Now…I can understand a mistake or misapplication or interpretation of tax law – but, Sheets efforts go above and beyond misapplication or misinterpretation to blatant fraud.  Seems that Sheets was more concerned about his lifestyle than he was about the freedom that he had as an American to pursue his American dream.

I don’t know John Nicholas Sheets, but having lived in the Dallas area for some time, I would say that he would have been looked on in his community or circle of friends as an honest, ethical business man.  If I am wrong, I hope someone will kindly share an alternative view (COMMENTS ARE WELCOME).  Assuming that he was well respected, I have ONE QUESTION:  What do you think caused Sheets to stray so far from compliance with the tax law?

According to the US Attorney’s news release:

The documents further state that beginning in 1998, rather than pay his substantial tax debts, Sheets used various business entities to conceal the nature and extent of his assets. Sheets admitted to transacting personal business and paying personal creditors with these funds, rather than paying the Internal Revenue Service (IRS). Using these businesses, Sheets commingled funds to pay approximately $435,988 in mortgage interest to three lenders so that he and his wife could live in a home whose market value exceeded $1.3 million during that period. Sheets also stipulated that he used commingled funds to buy personal items (including an interest in a private airplane and vehicles) and pay numerous personal creditors.

Sheets further admitted that on April 5, 2006, he used a local check-cashing business to conceal the nature of his assets so as to avoid paying federal income taxes. Specifically, he took a $123,000 settlement check to the local check-cashing business to conceal the existence of the funds, and rather than deposit the check into his personal bank account for free, he paid more than $2000 to cash that check. None of the cash he obtained on this date was used to pay the IRS; he used the funds to pay for personal expenses and pay other creditors. The factual resume goes on to state that Sheets negotiated the check in this manner upon the advice, recommendation and suggestion of his attorney at the time.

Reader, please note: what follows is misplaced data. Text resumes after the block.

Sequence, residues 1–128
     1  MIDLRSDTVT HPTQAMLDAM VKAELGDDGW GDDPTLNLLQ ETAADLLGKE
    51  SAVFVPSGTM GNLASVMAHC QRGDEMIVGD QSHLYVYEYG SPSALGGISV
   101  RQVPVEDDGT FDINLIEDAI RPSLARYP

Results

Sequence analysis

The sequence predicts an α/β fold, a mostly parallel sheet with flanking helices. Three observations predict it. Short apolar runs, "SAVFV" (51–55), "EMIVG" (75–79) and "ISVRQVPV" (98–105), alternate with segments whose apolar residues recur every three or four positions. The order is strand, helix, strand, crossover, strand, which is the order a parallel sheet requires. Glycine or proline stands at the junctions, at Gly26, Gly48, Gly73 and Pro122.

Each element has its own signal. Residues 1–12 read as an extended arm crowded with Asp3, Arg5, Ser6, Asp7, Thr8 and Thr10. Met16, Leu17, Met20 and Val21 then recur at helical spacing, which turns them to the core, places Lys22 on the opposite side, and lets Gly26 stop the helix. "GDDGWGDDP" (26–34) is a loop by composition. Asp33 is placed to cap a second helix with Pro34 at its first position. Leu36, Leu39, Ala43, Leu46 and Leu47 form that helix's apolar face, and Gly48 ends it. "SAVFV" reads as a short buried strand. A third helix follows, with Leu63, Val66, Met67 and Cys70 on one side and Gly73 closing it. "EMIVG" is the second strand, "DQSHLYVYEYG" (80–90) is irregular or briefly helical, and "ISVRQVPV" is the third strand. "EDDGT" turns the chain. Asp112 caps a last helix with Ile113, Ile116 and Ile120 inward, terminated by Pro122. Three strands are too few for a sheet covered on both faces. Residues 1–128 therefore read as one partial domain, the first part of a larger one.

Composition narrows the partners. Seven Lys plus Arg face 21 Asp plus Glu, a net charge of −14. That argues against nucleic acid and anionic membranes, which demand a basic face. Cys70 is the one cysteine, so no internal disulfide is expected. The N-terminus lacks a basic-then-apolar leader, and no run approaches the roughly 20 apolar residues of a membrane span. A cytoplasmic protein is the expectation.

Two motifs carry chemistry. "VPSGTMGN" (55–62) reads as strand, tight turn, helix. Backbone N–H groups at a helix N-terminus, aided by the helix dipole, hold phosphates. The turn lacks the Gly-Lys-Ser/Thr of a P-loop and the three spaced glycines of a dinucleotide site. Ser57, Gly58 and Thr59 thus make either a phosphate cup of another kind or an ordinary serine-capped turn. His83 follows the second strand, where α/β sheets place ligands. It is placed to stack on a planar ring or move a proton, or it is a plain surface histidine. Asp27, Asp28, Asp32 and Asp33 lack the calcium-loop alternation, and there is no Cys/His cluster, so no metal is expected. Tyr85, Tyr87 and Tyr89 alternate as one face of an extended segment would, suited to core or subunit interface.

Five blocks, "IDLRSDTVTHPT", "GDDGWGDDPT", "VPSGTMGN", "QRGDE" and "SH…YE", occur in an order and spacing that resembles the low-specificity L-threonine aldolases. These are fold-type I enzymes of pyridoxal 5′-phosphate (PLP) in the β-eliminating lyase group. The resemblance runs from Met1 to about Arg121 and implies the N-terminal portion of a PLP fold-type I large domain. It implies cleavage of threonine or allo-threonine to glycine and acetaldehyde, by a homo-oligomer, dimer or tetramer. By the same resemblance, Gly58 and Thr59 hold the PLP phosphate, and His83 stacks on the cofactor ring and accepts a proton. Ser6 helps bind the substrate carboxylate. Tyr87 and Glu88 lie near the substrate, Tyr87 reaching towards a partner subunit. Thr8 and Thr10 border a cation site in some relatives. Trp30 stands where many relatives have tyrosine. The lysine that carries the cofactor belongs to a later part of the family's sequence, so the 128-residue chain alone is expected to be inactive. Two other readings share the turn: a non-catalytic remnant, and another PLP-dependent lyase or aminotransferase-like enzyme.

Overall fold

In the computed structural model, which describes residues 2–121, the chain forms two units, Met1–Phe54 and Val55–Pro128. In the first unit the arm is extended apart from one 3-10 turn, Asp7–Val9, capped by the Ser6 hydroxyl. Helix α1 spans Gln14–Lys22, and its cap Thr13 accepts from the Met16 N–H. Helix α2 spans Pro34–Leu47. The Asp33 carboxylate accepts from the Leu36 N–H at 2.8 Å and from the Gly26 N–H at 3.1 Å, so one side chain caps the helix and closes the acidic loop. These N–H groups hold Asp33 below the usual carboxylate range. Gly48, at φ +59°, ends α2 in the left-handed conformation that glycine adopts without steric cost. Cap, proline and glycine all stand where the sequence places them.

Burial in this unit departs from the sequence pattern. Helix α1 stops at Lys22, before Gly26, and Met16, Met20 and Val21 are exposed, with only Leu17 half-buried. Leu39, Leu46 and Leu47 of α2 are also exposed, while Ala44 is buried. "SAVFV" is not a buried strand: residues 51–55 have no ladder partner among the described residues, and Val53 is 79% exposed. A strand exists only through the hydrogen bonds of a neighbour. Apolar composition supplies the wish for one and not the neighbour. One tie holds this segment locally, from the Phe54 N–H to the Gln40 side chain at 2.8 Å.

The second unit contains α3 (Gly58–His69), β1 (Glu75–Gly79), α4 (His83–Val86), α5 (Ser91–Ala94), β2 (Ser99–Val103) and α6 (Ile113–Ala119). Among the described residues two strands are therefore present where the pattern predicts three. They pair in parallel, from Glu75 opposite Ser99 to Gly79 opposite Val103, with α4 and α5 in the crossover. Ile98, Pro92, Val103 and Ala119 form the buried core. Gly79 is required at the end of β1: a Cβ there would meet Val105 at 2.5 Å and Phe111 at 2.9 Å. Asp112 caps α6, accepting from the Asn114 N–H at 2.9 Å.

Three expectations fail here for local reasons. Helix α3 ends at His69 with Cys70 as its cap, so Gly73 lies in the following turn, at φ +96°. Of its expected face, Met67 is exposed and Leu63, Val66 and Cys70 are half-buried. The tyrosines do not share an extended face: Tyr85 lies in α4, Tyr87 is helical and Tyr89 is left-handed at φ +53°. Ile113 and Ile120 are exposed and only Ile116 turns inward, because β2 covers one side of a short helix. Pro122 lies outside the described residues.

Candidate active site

Sheets wife (pictured above), like her husband, faces a sentence for tax evasion.  The conviction of spouses in tax crimes is becoming more common and a BIG WARNING SIGN should be out to all – that when you sign your return you should know what you’re signing, as evasion issues don’t typically rest with one party in a “married filing jointly” return.

If you know Mr. Sheets or have insight into his motives, please feel free to comment.

Wesley Snipes – Prosecutor says Go to Prison Now!

July 22, 2010

Free on bond pending his appeal…now the Prosecutor wants Wesley Snipes (who LOST that appeal) in the “big house” and NOW!

Last Friday July 16, officials in an Atlanta, Georgia appeals court upheld a judge’s decision to put Snipes behind bars for three years on federal tax charges.

No date for the Blade star’s surrender was discussed and the correctional facility where Snipes, who has been free on bail pending the outcome of the appeal, would serve his time hasn’t been revealed. Yesterday – Wednesday, July 21, prosecutors filed a motion opposing Snipes’ bail, stating, “There is no good reason to delay his surrender”.

The star’s attorney, Daniel Meachum, insists he will respond to the filed documents soon. A jury originally convicted Snipes on three misdemeanor counts of willful failure to file his income tax returns in 2008.